Speeches & Floor Statements
Posted on July 30, 2019
I often recommend that you look at the United States Congress as if it were a split screen television set.
Here’s what I mean by that.
During the last month, on one side of the screen you saw the usual turmoil: Trump vs. The Squad, Mueller testifying, impeachment votes, battles over the border, presidential candidates posturing, and of course the daily tweets.
On the other side of the screen there was the President and congressional leaders agreeing to a two-year budget that will strengthen our military and help our veterans, fund research for medical miracles and national laboratories and national parks, and save taxpayers a boatload of money by providing stability in funding.
And then, also on that side of the screen, there was another story, which is what I want to talk about today.
During that same month, three Senate committees reported, by my count, more than 80 bipartisan proposals sponsored by at least 75 senators to reduce the cost of the health care that Americans pay for out of their own pockets.
On June 26, after 17 hearings, six months of work, and recommendations from over 400 experts, our health committee, which I chair and which Senator Murray is the ranking member, voted 20-3 to recommend to the full Senate 55 proposals from 65 senators that would end surprise medical billing; increase transparency so you can know the cost of your medical care – you can’t lower your health care costs if you don’t know what your health care costs; and increase competition to reduce the cost of prescription drugs.
The next day the Judiciary Committee reported out four proposals from 19 senators that would reduce prescription drug costs by banning anticompetitive behaviors by drug manufacturers and helping the Federal Trade Commission block those who game the citizen petition process to delay generic drugs and biosimiliars.
And then last Thursday, the Finance Committee, by a vote of 19-9, reported more than two dozen bipartisan proposals also aimed at reducing the cost of prescription drugs.
That is not all.
The House Energy and Commerce Committee has passed its own solution to end surprise billing.
Last Thursday, Senator Murray’s staff and I met with Representatives Frank Pallone and Greg Walden, the leaders of the House Energy and Commerce Committee.
The four of us agreed to work together to lower health care costs.
All of this work is consistent with what Secretary Azar and the President have been saying and doing to lower prescription drug costs and increase transparency.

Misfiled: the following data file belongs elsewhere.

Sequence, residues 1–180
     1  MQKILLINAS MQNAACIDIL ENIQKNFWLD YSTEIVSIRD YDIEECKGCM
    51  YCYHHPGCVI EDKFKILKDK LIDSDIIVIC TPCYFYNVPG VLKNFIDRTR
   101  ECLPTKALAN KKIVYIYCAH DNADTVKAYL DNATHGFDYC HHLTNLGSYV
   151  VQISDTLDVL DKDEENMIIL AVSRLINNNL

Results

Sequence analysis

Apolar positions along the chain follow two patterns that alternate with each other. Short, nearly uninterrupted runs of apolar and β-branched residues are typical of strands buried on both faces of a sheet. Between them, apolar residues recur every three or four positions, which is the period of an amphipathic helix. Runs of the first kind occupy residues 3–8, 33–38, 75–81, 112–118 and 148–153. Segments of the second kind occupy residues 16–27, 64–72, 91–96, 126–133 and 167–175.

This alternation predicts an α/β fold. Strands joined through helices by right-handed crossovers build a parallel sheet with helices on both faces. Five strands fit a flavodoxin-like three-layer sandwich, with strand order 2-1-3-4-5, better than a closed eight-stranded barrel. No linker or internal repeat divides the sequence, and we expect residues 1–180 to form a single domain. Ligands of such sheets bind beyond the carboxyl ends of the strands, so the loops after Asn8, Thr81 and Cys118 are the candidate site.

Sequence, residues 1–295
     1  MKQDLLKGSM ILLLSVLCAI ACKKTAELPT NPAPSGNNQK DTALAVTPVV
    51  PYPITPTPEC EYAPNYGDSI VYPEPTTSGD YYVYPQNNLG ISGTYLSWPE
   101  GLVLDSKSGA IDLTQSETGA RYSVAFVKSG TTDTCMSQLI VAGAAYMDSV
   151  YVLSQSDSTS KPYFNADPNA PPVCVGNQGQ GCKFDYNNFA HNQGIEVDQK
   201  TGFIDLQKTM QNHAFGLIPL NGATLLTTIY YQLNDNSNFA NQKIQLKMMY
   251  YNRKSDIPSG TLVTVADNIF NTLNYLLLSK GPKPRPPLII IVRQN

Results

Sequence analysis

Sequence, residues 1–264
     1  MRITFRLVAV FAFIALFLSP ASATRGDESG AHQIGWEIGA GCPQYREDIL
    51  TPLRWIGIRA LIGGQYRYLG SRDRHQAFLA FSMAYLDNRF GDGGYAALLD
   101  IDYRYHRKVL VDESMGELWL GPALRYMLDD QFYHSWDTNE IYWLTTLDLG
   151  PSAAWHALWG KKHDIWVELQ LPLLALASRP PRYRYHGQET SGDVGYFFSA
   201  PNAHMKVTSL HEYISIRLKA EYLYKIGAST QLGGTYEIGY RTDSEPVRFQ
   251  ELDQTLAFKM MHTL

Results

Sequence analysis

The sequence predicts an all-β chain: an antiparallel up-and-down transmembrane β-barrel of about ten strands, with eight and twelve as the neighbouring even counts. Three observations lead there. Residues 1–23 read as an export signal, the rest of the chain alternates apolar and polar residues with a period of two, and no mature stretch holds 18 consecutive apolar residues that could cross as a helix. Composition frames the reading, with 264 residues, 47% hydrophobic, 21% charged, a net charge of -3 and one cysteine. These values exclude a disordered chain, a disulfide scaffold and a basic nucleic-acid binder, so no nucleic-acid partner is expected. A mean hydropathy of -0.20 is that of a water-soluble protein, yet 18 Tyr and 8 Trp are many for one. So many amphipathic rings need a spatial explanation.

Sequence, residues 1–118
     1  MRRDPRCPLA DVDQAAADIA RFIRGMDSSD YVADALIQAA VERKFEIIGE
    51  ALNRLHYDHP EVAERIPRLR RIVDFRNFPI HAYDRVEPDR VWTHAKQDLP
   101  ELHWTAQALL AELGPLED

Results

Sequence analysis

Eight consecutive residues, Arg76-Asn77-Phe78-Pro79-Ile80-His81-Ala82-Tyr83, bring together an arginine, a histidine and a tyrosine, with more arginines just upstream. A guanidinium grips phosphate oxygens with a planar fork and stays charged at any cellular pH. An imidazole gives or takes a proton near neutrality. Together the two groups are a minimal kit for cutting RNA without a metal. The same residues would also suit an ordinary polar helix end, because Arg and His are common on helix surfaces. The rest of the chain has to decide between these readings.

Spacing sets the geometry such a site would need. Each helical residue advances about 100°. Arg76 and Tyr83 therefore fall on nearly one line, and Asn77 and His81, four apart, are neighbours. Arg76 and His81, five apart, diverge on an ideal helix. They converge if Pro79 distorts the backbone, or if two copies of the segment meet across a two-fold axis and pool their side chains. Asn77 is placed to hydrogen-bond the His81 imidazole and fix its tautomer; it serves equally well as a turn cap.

Last week, after the Finance Committee released its legislation, the White House said it “is encouraged by the bipartisan work of Chairman Grassley and Senator Wyden to craft a comprehensive package to lower outrageously high drug prices, and today we are engaging with coalitions to help build support.”
Here is why this amount of activity on so many fronts is such a good sign.
In our committee, what we have seen before with Fixing No Child Left Behind and the 21st Century Cures Act and last year’s response to the opioid crisis – the last of which occurred, by the way, when on the other side of the split screen TV there was the acrimonious Kavanaugh hearing—what we have seen with these recent new laws is that when so many senators and congressmen are working on an important objective in a way that its consistent with the president’s objective, that there is likely to be a result that benefits the American people.
In other words, legislation to end surprise medical bills, increase transparency, and lower prescription drug costs is looking look like a train that will get to the station when Congress reconvenes in September.
And it well should.
The cost of health care is Americans’ number one financial concern, according to Gallup.
And at one hearing before our health committee, experts from the National Academy of Medicine testified—that up to half of what our country spends on health care is unnecessary.
This is such a startling fact that I sat down with Senator Murray and Senators Grassley and Wyden, the leaders of the Finance Committee, and I talked with Senators Graham and Feinstein, the leaders of the Judiciary Committee, and said, surely Democrats and Republicans can find SOME things we agree on about how to reduce what Americans pay for out of their own pockets for health care.
The work of these three committees, more than 80 proposals from at least 75 senators, is the result of that work over the last six months.
Let me say a word about perhaps the most visible proposal in the health committee’s bill.
Surprise medical billing is one of the most urgent problems that the House, the Senate, and the president are trying to fix.
After 20 percent of emergency room visits, patients are surprised a few months later to receive an unexpected bill that may be $300 or $3000.
This happens because patients see a doctor they did not choose: either because of emergency care at an out-of-network hospital, or because an out-of-network doctor, not chosen by the patient, treats them at an in-network hospital.
In his State of the Union address, and again at a White House event in May, President Trump called for an end to surprise billing.
At the event, he gave me a copy of this medical bill.
It was a bill sent to Liz Moreno a Texas college student, who had had back surgery and during a post-surgery follow up visit, her doctor ordered a urine test.
A year later this bill showed up -- $17,850 for that urine test.
That’s about the price of a new Nissan Sentra.
The bill was sky high because the lab that ran the test – a lab Liz had no way of choosing – was considered out-of-network with her insurer.
Drew Calver, from Texas, also told the President his story of getting $110,000 in bills – both the emergency room he was rushed to – during his heart attack – was out-of-network and so were the doctors who treated him
That day, President Trump said, “For too long, surprise billings . . . have left some patients with thousands of dollars of unexpected and unjustified charges. . . . So this must end.”
The Lower Health Care Costs Act that the Senate health committee passed last month – by a vote of 20-3 – would have protected Liz and Drew from receiving those surprise bills.
Here’s how it works: insurance companies would pay out-of-network doctors a local, market-driven “benchmark” rate — which would be the same local market-based rate that insurers negotiated with doctors who agreed to be in-network.
Obviously this saves Liz and Drew money because they wouldn’t have gotten a surprise bill.